It is not just cheap shorts that have this problem, some expensive ones too. It seems to me that this would be an easy fix. An extra strip of the same material sewn on the inside would take care of it. This strip would only need to be no more than 2 inches wide. They could be advertised as “Hidden Valley” cycling shorts.


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On being Working Class.

If a man had a marijuana leaf tattoo on his neck and piercings in his nose and eyebrows, it would probably bar him from gaining employment in most places. On the other hand, if you had a poisonous snake that had taken up residence under your house, and this same man came to remove it, I doubt anyone would care too much about his appearance, as long as he had the necessary skills required to take care of the problem.

I have a friend who has a long beard of biblical proportions, his hair is also long and he wears it in a single braid down his back. Most would take one look and dissmiss him as an old hippie. He is in fact a highly skilled woodworker, and when one of those old historical homes in Charleston is in need of restoration, my friend can hand carve a banister rail for a curved staircase, for example, and his skills are sought after.

I remember growing up in England in the 1940s and 1950s when there were the remnants of a class system still in place. Two things ended the class system, the first was the Great Depression of the 1930s when the wealthy lost much of their wealth.

And second, the end of WWII when working men came home with an attitude of “I put my life on the line for my country, I want a piece of the pie.” In spite of Winston Churchill being regarded as a great wartime leader, he was voted out of office immediately after the war, in favor of a socialist (Labor Party.) government.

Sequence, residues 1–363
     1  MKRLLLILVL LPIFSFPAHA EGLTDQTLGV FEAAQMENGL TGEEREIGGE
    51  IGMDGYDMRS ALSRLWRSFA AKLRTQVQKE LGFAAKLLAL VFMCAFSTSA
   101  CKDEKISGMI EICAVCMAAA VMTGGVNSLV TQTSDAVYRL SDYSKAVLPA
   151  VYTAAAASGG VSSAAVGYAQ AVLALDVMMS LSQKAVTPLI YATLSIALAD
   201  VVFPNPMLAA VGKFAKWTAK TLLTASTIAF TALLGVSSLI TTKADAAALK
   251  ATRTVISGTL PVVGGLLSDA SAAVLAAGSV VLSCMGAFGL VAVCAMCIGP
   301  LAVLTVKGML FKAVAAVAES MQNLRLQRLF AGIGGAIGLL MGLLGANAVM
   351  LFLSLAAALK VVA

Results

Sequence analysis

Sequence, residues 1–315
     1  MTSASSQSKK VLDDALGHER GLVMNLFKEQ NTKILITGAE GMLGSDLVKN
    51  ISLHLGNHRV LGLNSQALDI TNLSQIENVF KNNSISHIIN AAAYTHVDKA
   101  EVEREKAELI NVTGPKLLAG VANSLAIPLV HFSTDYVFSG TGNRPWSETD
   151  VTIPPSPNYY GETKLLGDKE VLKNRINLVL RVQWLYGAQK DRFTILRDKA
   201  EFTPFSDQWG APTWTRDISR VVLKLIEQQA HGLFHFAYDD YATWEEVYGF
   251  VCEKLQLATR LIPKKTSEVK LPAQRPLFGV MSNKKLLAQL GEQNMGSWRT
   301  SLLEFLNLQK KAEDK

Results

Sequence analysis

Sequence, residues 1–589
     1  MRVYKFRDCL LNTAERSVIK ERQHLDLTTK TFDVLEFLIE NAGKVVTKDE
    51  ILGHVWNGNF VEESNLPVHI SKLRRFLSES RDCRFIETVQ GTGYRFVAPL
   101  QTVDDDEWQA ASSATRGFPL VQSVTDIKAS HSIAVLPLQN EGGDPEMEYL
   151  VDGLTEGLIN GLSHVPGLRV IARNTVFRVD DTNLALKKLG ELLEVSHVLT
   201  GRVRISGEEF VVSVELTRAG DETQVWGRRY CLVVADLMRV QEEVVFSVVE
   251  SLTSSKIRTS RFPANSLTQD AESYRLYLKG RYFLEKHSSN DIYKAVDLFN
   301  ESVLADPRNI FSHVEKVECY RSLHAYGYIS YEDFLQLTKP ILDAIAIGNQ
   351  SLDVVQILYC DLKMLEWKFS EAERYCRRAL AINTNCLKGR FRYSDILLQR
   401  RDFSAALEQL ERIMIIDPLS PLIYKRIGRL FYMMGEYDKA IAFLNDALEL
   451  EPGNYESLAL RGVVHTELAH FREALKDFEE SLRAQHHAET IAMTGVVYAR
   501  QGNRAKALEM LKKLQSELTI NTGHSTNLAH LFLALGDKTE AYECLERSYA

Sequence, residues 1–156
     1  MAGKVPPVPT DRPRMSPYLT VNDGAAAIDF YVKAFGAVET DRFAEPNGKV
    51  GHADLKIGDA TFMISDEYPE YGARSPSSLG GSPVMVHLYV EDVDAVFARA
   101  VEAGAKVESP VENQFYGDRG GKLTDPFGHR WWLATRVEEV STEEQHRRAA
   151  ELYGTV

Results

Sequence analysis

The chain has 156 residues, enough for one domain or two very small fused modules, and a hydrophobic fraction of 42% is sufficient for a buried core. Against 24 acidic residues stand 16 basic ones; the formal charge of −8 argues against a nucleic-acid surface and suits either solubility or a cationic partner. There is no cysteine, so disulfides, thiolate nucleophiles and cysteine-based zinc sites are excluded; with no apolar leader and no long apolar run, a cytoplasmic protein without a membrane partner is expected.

When there is a radical change in government certain aspects of the old system remain. Things don’t happen overnight. One of the things that didn’t change immediately was the education system, so all my schooling took place under the old system, and change didn’t come until some years after I had left school.

Under the old system wealthy people sent their children to expensive boarding schools, where they lived and received intensive schooling. This was paid for by the parents, and when the student left school he was assured a top job, usually in the family owned business. They became CEOs and Captains of Industry.

The rest of the population went to a “Primary” school. There was no grade system as in the US. At 11 years old everyone took what was called “The 11 Plus” exam. This was a one shot deal. If you passed you went to a High School, often known as a Grammar School. Once there you would receive a good education that would set you up for a middle management job in industry.

If you failed the 11+ exam, you went to a “Secondary” school, were you received a very basic education, and finished at age 15. No graduation, or certificate of education, you just left and were out in the cruel world to do any laboring type job you could find.

One of the features of the Secondary school was a lot of corporal punishment and constant verbal put downs by teachers, designed to break a child’s spirit, and remove all self-esteem. So when these kids went out into the world, they would become good subservient workers who wouldn’t question authority. Or in bygone years these kids joined the army, and became cannon-fodder for the many battles fought to maintain the British Empire.